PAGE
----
While balancing on your left foot, tap the soccer ball slightly forward with the inside of your right foot and then pull it back closer to your body using the bottom of your right foot as you continue to hop and balance on your left foot. Do this exercise 10 times on each side.
Juggling is one of the cooler soccer skills in my opinion, but it isn’t as easy as it looks. Try juggling the soccer ball on your thighs for three to five minutes, using the top of your thighs to make contact with the soccer ball. You can incorporate other body parts (feet, shoulders, and head!) as you become more comfortable, but the thighs are typically a great place to start since they offer more surface area. The key is to keep your touches soft and controlled so that you are able to keep the ball close to your body.
Place eight to ten cones (or household items as makeshift cones—I personally like using mason jars) in a straight line about two steps apart. Using the inside and outside surfaces of your right foot only, weave the soccer ball through the cones—going around the outside of one cone, then the inside of another, then back to the outside until you’ve gone through the entire line of cones. Once you arrive at the other end, turn around and weave your way back using only the opposite foot. This counts as one round. Repeat this weaving motion 6 to 10 times.
With the soccer ball near your right foot, gently place your right foot on the side of the soccer ball and roll the ball underneath the sole of your foot so that the soccer ball winds up on your left side. Repeat the motion with your left foot to return the ball to your right side. Do this movement 20 times total, switching your dominant foot with each roll.
With the soccer ball placed in front of you, lightly tap the top of the ball with the bottom of your right foot then alternate to tap the top of the ball with the bottom of your left foot. Repeat this motion as you pick up the pace of your taps and find your rhythm. Do this for three 30 second rounds, resting for 10 to 15 seconds between each round.
Want to kick it up a notch? For an added layer of difficulty, slowly move your body and the soccer ball forward as you tap the top of the ball. This will require you to lightly push or roll the soccer ball forward as you tap. Once you have this motion down, you can try moving backward and even side-to-side while maintaining your toe tap rhythm.
Bonus: Ab Work
Keep It Up
For this exercise, imagine that the soccer ball is something extremely important to you that you do not want to drop. You want to hold this item up and keep it off the ground throughout this entire exercise (think: the floor is lava!).
Starting in a seated position, lift both of your feet off of the ground while holding the soccer ball out in front of you. Try to hold this position for three 30 second rounds, taking 10 to 15 seconds to rest in between each round.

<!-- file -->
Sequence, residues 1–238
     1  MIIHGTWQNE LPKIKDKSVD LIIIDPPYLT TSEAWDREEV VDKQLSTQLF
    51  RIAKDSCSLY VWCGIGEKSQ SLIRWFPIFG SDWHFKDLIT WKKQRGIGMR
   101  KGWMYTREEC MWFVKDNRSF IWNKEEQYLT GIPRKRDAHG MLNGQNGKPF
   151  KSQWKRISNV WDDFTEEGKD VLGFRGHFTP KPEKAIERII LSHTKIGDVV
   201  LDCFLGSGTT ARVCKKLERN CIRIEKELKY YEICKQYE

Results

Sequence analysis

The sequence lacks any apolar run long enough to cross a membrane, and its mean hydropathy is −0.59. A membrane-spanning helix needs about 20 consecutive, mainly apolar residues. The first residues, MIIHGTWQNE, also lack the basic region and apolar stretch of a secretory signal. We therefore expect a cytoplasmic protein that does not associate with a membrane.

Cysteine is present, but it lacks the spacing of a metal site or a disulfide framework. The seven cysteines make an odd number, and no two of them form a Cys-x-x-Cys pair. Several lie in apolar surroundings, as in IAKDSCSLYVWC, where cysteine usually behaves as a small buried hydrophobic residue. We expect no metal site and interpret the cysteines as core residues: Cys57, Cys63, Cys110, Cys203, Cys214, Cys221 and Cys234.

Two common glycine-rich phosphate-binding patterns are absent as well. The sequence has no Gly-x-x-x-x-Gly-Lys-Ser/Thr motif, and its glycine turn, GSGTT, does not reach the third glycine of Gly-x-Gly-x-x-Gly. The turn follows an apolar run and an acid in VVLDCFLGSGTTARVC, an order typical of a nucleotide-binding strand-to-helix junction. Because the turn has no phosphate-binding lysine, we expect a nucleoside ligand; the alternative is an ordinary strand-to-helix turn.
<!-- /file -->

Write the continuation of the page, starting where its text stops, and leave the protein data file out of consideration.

Lay down flat on your back with your legs straight out in front of you (your feet should be hip-width apart), hold the soccer ball with both hands above your head so that the soccer ball and your body are making a straight line. Without straining your neck, keep both legs straight while bringing them up close to the center of your body and simultaneously using your arms to bring the soccer ball up to meet your legs. From there, place the ball in between your feet (squeeze tightly so that the ball cannot fall out) and bring your legs and arms back to the starting position. The soccer ball should now be in between your feet—not your hands. Repeat this 10 to 15 times—passing the ball between your feet and your hands—for 3 sets.
To cool down, I will jog once or twice (depends on my mood to be honest) around the entire soccer field (you could jog around your backyard, take a lap around the playground, or even jump rope for a few minutes) before I stretch for approximately 10 to 15 minutes. I don’t have a specific stretching routine for my cool down, I just really try to listen to my body and focus on where I’m feeling a bit tight.
When my body and mind are feeling more at ease, I like to incorporate some breathwork, specifically the equal breathing technique, to further calm my mind and slow my heart rate. In a seated position on the field, I will breathe in through my nose for 5 counts and out of my nose for 5 counts for approximately 5 to 10 minutes. This time allows me to meditate and show gratitude for my body, the environment, and the workout I just accomplished as a strong body is not complete without a strong mind.
If you try my soccer workout, I want to know your thoughts! Post in the HealthyWay Collective Facebook group if you enjoyed this soccer-inspired sweat-sesh or let me know what exercises you would add.